Julien Ochala, United Kingdom
Lecturer in Human Physiology, King’s College London
From May 11th to May 15th 2015, I have been to the lab of Dr. Annemieke Aartsma-Rus (DMD Genetic Therapy Group, Department of Human Genetics, LUMC, the Netherlands) and worked with Dr. Maaike Van Putten.
The project we are working on focuses on dystrophin and DMD. Indeed, nowadays, innovative DMD therapeutic interventions, i.e., exon skipping, partially restore dystrophin (up to 50%) and limit the severity of the disease. Despite this crucial advance, it remains unclear how the myonuclei respond to exon skipping. This question can be answered by using skeletal muscle cells from the mouse model that Dr. Annemieke Aartsma-Rus has (mdx-XistΔhs) which exhibits varying, low dystrophin levels (3–47%) due to skewed X-inactivation.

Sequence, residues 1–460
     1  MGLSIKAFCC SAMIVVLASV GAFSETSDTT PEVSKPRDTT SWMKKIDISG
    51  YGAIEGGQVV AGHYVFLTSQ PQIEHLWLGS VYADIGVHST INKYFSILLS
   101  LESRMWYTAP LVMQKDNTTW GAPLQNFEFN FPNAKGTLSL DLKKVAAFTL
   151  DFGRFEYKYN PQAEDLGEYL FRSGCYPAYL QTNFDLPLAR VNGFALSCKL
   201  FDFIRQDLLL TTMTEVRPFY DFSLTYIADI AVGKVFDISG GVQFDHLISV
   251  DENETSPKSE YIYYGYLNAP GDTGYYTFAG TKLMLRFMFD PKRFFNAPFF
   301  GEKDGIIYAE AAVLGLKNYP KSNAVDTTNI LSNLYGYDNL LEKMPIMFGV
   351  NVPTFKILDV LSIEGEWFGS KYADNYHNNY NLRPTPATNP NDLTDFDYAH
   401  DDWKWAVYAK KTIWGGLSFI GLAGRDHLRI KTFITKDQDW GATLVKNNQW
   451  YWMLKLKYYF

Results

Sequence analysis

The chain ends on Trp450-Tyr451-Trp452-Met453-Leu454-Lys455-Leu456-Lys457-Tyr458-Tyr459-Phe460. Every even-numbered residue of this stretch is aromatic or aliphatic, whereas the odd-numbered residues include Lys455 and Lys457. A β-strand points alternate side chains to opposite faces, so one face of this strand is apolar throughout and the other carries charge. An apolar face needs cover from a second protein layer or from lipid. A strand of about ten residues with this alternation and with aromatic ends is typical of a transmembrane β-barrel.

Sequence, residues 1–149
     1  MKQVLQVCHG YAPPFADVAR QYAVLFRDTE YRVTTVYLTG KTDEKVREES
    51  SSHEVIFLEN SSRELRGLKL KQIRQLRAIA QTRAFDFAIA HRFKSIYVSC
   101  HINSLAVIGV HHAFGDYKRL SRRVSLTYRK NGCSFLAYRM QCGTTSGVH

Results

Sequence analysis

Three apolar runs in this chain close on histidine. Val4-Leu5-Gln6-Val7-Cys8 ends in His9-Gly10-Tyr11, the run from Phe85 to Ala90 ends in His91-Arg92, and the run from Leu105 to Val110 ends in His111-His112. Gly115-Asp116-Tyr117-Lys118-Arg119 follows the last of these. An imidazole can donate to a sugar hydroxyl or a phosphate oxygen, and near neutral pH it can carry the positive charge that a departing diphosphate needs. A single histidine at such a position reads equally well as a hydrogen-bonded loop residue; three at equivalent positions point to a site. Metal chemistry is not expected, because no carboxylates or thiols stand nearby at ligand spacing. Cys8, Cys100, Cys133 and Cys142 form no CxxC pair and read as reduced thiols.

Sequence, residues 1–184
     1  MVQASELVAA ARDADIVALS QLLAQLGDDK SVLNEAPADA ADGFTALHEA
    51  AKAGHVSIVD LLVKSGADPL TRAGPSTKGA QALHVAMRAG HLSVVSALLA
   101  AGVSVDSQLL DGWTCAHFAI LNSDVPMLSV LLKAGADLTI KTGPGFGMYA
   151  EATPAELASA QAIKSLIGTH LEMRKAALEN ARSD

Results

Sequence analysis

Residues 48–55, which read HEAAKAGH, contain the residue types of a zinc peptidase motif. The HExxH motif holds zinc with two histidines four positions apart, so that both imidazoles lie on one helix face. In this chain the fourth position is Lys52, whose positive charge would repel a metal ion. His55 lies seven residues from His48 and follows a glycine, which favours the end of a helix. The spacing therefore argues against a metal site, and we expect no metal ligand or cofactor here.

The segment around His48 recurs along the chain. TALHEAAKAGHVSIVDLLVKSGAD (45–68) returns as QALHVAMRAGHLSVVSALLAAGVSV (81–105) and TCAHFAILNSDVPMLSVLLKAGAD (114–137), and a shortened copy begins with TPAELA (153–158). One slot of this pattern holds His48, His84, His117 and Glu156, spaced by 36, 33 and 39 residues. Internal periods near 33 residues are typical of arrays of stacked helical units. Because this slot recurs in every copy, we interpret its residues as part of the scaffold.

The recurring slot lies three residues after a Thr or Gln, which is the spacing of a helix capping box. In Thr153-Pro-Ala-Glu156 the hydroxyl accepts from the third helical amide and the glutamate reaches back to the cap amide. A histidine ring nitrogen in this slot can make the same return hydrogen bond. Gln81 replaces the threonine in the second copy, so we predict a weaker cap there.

During my 5-day stay in the DMD Genetic Therapy Group (LUMC), we successfully dissected muscles from a large number of mdx-XistΔhs mice and we prepared the samples for further structural analyses where an innovative image processing algorithm applied to confocal images will be used in order to precisely define the 3D dystrophin organisation in relation to myonuclear spatial arrangement.
In summary, this short-term scientific mission was productive and crucial to get muscle samples that will be used to answer the research question mentioned above.